The UK has seen the launch of a competition-law based collective action – the equivalent of a class action in other countries – on behalf of an estimated 240,000 investors in the digital assets space. The claim is brought against four cryptocurrency exchanges: Binance, Bittylicious, Kraken and ShapeShift. It alleges that those exchanges colluded in delisting the Bitcoin Satoshi Vision (BSV) currency; and converting BSV to other cryptocurrencies without investor consent. The claim is being brought by BSV Claims Limited, a special purpose company set up to bring the action.
This is interesting for a number of reasons. First, it is the first time that a competition law claim has been brought in the digital asset space in the UK. Second, the level of the claim – at just under £10 billion – would, if successful, be the second largest UK collective action to date and would have serious consequences for the four exchanges. Third, the class representative and founder of BSV Claims Limited is Lord David Currie, a previous Chairman of the Competition and Markets Authority, the UK competition regulator.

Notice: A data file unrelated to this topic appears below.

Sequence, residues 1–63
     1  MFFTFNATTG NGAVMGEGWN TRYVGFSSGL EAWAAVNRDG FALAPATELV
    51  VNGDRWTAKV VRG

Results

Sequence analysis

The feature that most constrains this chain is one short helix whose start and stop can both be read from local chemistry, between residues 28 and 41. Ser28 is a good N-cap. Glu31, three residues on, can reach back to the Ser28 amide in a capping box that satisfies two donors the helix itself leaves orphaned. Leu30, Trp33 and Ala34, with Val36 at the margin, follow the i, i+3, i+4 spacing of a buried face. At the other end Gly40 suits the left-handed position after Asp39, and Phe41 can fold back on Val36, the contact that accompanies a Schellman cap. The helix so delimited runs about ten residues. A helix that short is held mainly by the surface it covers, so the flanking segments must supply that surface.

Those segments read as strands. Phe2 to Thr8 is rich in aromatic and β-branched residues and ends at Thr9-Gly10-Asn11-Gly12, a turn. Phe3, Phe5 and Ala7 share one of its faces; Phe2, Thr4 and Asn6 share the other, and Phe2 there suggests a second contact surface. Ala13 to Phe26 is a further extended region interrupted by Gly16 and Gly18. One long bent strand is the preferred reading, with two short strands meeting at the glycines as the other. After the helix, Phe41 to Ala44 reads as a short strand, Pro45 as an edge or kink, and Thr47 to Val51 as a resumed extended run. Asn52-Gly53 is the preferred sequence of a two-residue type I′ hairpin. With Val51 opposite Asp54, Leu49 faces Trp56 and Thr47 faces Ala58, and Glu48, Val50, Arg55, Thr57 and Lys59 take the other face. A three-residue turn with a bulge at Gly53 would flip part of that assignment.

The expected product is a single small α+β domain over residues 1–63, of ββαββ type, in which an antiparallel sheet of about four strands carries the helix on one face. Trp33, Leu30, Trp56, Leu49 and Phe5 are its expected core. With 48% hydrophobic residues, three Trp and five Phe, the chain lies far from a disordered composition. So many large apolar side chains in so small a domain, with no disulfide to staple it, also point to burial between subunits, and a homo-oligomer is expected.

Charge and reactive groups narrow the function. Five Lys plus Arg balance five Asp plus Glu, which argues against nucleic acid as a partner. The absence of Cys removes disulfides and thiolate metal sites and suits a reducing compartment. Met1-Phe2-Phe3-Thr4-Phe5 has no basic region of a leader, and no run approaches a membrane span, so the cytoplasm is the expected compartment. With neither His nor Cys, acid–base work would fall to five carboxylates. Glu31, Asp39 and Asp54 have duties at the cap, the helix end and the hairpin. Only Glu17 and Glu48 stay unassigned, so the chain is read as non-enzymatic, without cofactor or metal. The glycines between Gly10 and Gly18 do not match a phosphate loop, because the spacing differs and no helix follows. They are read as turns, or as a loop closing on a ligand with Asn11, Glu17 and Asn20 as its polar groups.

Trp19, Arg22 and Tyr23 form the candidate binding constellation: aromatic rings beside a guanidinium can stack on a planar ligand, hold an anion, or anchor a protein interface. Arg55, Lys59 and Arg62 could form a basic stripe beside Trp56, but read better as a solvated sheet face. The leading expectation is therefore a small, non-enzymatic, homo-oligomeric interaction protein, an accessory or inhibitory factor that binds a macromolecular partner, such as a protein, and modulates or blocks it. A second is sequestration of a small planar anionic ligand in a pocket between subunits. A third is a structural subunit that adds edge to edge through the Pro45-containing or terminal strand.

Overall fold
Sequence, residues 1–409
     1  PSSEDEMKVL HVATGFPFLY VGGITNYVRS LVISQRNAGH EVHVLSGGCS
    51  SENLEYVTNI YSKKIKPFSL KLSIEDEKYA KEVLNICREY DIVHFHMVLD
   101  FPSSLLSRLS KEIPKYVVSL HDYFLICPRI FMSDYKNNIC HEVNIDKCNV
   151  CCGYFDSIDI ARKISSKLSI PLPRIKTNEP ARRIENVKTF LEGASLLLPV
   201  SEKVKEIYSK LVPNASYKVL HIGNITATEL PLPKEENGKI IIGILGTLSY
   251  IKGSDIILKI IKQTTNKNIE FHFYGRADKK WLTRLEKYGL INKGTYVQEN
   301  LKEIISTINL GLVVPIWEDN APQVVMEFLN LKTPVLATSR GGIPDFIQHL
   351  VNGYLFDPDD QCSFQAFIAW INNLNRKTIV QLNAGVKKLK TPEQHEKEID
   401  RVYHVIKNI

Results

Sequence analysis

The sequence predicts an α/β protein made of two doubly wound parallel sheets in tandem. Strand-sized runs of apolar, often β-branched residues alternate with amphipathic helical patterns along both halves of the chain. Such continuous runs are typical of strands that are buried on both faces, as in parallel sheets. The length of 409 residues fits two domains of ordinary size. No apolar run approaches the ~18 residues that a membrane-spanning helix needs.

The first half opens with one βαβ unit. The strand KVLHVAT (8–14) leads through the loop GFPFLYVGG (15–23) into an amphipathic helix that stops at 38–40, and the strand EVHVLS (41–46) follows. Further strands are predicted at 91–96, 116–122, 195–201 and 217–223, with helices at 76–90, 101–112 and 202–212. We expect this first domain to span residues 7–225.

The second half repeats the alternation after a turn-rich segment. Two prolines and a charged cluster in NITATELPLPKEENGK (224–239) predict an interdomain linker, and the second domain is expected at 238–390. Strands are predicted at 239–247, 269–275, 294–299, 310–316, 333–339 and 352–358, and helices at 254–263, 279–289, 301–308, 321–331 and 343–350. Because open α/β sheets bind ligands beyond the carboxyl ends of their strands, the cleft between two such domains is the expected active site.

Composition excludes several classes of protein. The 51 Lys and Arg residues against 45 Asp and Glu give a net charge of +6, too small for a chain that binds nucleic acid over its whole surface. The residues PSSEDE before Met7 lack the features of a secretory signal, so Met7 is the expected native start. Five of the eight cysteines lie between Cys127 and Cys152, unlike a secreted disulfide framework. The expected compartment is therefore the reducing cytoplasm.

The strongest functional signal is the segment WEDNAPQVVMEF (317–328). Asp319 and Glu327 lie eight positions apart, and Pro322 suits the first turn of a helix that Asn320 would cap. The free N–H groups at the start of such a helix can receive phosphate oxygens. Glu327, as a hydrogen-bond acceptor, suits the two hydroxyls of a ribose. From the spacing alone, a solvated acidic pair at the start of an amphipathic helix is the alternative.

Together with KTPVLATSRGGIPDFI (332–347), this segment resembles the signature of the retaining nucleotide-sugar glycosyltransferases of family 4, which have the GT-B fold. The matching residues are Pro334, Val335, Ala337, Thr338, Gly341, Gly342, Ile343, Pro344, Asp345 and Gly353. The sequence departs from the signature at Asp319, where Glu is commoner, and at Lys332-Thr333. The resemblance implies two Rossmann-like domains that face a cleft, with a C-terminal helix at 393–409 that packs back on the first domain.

The claim is being brought in front of the UK Competition Appeal Tribunal (“CAT”), which has powers to hear collective actions on breaches of competition law. The first step is for the CAT to decide whether the claim is a suitable one for collective proceedings. Class actions are still a relatively novel way of bringing a claim in the UK; although the number of cases being brought and approved by the CAT is growing rapidly since a recent landmark ruling by the UK Supreme Court effectively lowered the bar for successful certification of a claim. If this claim is approved, it will be the tenth collective claim successfully certified.